AFET last week issued a letter to several thousand of its member organizations’ constituents, advising them of the danger of the Gramm-Kyl estate tax plan.
“Instead of this large handout to a small handful of multi-millionaires at the expense of most Americans, we favor common-sense estate tax reform that would protect family farms, small businesses and average taxpayers – without a costly repeal that would leave most Americans holding the bag,”� said Chuck Collins, co-founder of AFET member organization Responsible Wealth, the group of small business owners and affluent individuals who organized last year’s pro-reform statement, signed by Bill Gates Sr., Warren Buffett and 1,100 other people personally affected by the estate tax. “Repeal of the estate tax is simply unfair and not the best way to advance America’s priorities.”�
Permanent repeal of the estate tax means less revenue for the country – $100 billion in the next 10 years and $750 billion in the following decade. It would force the government to either raise taxes on middle-income taxpayers or cut vital services, such as Social Security or prescription drugs for the elderly, just to pay for a special windfall for the wealthiest few.
The estate tax is applied when individuals leave behind estates worth at least $1 million ($2 million for couples) at the time of their death. There is no tax on the first $1 million per individual, and amounts in excess of $1 million are taxed at various rates, starting at 37 percent. As a result of last summer’s tax legislation, the amount that is exempted from taxation rises to $3.5 million ($7 million for couples) and the highest taxable rate drops from 55 percent to 45 percent by 2009. In 2010 the estate tax is repealed, but is again instituted in 2011. The Gramm-Kyl plan would permanently repeal the estate tax.
Repeal of the tax also would have a major harmful impact on America’s foundations and charities. Estates are allowed to transfer unlimited amounts of money to charitable groups, thereby helping to reduce the size of the estate that is taxed. In 1999, this tax incentive for charitable giving resulted in $14.8 billion in contributions to foundations, universities, museums, churches and many other charities.
the heavy burden it would place on most taxpayers, the Gramm-Kyl tax plan
would drain billions of dollars from foundations and hard-hit charities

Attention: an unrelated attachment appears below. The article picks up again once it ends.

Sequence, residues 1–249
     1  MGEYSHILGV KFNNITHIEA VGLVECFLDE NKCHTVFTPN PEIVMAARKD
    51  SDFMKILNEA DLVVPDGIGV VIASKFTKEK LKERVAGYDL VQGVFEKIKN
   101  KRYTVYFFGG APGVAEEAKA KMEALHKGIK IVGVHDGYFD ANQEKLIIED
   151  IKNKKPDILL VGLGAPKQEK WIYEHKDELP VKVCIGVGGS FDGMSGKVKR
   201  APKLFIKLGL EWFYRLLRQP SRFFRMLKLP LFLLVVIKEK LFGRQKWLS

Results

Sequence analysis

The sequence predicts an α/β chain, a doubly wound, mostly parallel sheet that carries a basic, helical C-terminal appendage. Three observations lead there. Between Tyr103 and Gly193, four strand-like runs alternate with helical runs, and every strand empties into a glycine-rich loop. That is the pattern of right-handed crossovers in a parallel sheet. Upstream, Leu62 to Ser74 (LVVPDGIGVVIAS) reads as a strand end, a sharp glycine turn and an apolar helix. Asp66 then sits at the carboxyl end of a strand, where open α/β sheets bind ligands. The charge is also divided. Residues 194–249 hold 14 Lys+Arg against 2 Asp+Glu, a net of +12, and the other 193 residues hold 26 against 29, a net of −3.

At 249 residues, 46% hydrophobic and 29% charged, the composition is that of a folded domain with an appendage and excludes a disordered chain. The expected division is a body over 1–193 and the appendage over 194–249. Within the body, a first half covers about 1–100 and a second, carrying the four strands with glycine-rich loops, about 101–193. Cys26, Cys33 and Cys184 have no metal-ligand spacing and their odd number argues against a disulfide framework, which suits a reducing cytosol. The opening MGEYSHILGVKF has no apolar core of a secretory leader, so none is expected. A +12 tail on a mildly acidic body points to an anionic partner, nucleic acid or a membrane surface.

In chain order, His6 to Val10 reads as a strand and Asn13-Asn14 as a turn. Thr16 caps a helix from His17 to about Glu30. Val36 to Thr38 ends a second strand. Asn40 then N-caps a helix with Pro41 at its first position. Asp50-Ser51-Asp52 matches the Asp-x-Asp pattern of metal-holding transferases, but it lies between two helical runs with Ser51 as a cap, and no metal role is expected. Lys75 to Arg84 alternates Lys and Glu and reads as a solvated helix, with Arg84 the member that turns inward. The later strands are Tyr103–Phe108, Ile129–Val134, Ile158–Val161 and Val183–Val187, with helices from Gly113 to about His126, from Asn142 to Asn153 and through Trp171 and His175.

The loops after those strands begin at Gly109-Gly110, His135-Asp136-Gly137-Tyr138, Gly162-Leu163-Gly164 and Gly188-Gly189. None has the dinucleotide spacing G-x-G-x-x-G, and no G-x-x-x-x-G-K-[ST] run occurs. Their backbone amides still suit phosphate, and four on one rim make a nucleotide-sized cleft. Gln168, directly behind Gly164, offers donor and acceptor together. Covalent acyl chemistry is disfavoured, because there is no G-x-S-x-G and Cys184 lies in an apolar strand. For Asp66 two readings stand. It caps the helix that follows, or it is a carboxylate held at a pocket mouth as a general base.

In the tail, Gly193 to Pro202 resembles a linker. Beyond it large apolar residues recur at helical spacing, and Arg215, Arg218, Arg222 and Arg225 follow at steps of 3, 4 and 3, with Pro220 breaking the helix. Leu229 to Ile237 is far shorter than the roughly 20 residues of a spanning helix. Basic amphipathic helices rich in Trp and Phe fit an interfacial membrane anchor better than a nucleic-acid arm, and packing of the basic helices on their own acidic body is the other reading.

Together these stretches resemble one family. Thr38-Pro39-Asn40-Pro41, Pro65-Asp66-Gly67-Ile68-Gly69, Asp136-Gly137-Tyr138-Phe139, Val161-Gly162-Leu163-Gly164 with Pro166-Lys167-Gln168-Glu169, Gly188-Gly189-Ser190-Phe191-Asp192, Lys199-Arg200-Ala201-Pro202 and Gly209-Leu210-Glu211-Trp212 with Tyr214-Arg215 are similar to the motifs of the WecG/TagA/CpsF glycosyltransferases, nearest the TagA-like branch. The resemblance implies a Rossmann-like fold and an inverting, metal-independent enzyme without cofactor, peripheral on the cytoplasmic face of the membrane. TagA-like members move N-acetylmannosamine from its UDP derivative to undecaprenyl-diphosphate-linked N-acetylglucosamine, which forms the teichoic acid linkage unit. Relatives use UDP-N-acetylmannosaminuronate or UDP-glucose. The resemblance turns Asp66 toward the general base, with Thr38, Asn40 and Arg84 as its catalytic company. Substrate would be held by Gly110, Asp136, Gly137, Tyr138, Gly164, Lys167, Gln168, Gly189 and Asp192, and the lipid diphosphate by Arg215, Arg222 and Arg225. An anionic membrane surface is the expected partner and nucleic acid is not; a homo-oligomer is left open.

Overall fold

that are already struggling to serve the most vulnerable Americans,”�
said Rick Cohen of the National Committee for Responsive Philanthropy
and AFET. “The Gramm-Kyl tax plan is as unfair as it is unwise. It
would hurt America’s charities even as the president and Congress
are looking to promote charity.”�
The estate tax was already scaled back last summer as part of President Bush’s sweeping tax package. The Gramm-Kyl tax proposal would be far more costly for most American taxpayers as it would permanently repeal the tax rather than simply reforming it. Senate Majority Leader Tom Daschle has agreed to a vote in the Senate on the Gramm-Kyl proposal by June 28. The House will vote on permanent repeal of the estate tax for a second time on either June 5 or 6 to send a message to the Senate.
As part of AFET’s effort to reform rather than repeal the estate tax, Responsible Wealth sponsored an ad in the May 20 edition of Roll Call and the May 22 edition of The New York Times. Entitled “Much Ado About a Very Few,”� the ad highlights just how few estates would benefit from the costly Gramm-Kyl tax plan – 24 in Maine, for example. Overall, 5,854 multi-millionaires would get a break while the remaining taxpayers would have to pick up the tab if the measure passes. The ad is available at www.responsiblewealth.org.
The AFET letter was signed by representatives of a wide range of public interest organizations, including AFSCME, American Arts Alliance, American Association of University Women, Americans for Democratic Action, Campaign for America’s Future, Children’s Defense Fund, Coalition on Human Needs, Evangelical Lutheran Church in America – Lutheran Office for Governmental Affairs, Independent Sector, Minnesota Council of Nonprofits, National Committee for Responsive Philanthropy, National Council of Nonprofit Associations, National Women’s Law Center, NETWORK (National Catholic Social Justice Lobby), OMB Watch, Responsible Wealth, United for a Fair Economy, and United Church of Christ Justice and Witness Ministries.
Americans for a Fair Estate Tax (AFET) is a broad-based non-partisan coalition of nonprofit groups, including civic, labor, social justice, faith-based, and environmental organizations, as well as organizations providing human services. AFET advocates that instead of repealing the tax on multi-million-dollar estates, Congress should reform the estate tax to ensure that family farms and small businesses are not unfairly taxed while keeping 98 percent of taxpayers exempt and safeguarding Medicare, Social Security, education, charities and other key national priorities that would be threatened by a complete repeal. More information on this issue can be found online at www.fairestatetax.org.